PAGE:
Emergency Response (Subpart E)
- Community Notification of RMP Accidents*: (1) Requiring non-responding RMP facilities to develop procedures for informing the public about accidental releases. (2) Requiring release notification data be provided to local responders. (3) Ensuring a community notification system is in place for notification of RMP-reportable accidents.
- Emergency Response Exercises: (1) Requiring a ten-year frequency for field exercises unless local responders indicate that frequency is infeasible. (2) Requiring mandatory scope and reporting requirements for emergency response exercises.
Information Availability (Subpart H, Section 68.210)
- Enhanced Information Availability*: New requirements for the facility to provide chemical hazard information upon request to residents living within six miles of the facility, in the language requested. Under the current regulation, facilities are not required to provide this information.
Other Areas of Technical Clarification (Subparts A, C, D)
The proposed rule would make minor regulatory edits to:
- Require Program 3 process safety information be kept up to date;
- Make Program 2 and Program 3 requirements consistent for recognized and generally accepted good engineering practices (RAGAGEP);
- Retain hot work permits for five years;
- Further define the “storage incident to transportation” term and the retail exemption; and
- Require RAGAGEP review in process hazard analyses.
Proposed Compliance Dates for the Proposed Changes
EPA will propose to require that regulated sources comply with:
- New STAA, incident investigation root cause analysis, third-party compliance audit, employee participation, emergency response public notification, exercise evaluation reports, and information availability provisions, three years after the effective date of the final rule.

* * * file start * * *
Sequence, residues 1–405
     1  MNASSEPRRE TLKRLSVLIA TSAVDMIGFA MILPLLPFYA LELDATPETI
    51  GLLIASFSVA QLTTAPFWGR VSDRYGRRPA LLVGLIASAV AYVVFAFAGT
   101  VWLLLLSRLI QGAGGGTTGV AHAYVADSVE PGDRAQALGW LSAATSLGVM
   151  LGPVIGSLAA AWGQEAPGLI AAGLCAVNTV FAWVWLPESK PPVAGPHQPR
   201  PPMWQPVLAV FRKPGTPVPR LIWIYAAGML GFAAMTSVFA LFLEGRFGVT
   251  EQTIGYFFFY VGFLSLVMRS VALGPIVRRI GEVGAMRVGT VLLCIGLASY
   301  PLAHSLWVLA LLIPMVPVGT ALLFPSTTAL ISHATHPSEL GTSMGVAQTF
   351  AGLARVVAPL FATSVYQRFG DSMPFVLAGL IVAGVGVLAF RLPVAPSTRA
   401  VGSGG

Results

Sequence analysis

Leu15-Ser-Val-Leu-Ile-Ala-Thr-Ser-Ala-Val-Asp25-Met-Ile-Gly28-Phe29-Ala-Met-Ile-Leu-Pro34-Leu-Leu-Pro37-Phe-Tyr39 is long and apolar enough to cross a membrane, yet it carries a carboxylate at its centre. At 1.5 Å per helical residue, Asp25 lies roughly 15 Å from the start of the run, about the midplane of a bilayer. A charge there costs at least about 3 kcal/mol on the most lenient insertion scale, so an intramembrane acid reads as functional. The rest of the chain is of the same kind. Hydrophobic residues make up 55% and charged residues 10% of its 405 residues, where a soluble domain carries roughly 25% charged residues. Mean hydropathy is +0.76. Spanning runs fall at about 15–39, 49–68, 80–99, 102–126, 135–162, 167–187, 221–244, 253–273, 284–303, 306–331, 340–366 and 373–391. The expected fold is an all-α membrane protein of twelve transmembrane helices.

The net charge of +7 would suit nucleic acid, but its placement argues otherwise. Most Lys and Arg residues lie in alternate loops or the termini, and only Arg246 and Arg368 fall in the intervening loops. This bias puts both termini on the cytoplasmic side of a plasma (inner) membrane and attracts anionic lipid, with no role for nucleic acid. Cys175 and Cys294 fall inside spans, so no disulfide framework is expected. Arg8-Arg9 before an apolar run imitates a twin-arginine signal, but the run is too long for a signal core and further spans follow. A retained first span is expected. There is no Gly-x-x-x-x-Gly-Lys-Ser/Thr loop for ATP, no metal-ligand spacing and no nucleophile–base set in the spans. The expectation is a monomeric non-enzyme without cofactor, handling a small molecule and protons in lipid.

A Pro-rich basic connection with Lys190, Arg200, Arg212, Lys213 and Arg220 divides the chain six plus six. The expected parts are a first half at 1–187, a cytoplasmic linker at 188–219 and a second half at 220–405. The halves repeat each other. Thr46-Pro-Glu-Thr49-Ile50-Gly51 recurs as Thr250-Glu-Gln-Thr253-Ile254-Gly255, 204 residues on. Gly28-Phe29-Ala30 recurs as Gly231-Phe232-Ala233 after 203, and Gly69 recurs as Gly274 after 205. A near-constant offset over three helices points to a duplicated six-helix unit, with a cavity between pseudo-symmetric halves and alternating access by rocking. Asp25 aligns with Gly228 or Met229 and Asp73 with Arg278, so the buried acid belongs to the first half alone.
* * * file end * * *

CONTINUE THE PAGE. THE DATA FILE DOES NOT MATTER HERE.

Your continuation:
- Revised emergency response field exercise frequency provision by March 15, 2027, or within ten years of the date of an emergency response field exercise conducted between March 15, 2017, and the date of publication of the proposed rule in the Federal Register.
- Updates and resubmission of risk management plans with new and revised data elements, four years after the effective date of the final rule.
Estimated Costs for the Proposed RMP SCCAP Rule
EPA estimates the rule will cost approximately $77 million a year.
In its proposed rule, EPA appears to try to address some of the EJ aspects of facility siting, raising the burden for RMP-governed facilities that are near facilities managing similar hazards. This reflects the Biden Administration’s commitment to EJ.
EPA’s proposal to include natural hazards and power loss is a sensible reaction to incidents in the past few years in which facilities have been flooded, damaged by storms, or lost power, leading to loss-of-control accidents. More frequent extreme weather events increase the risk of such accidents. How much additional cost must be borne by facilities to address those risks remains to be seen. Presumably, such costs will be compared to the benefits from the avoidance of accidents in the Regulatory Impact Analysis.
As with all rulemakings, Bergeson & Campbell, P.C. urges stakeholders to comment on the rule, either individually or through a consortium or trade association. It is critical that EPA receive specific information during the comment period so that such information can be considered appropriately. Stakeholders should not assume that another party will represent their interests.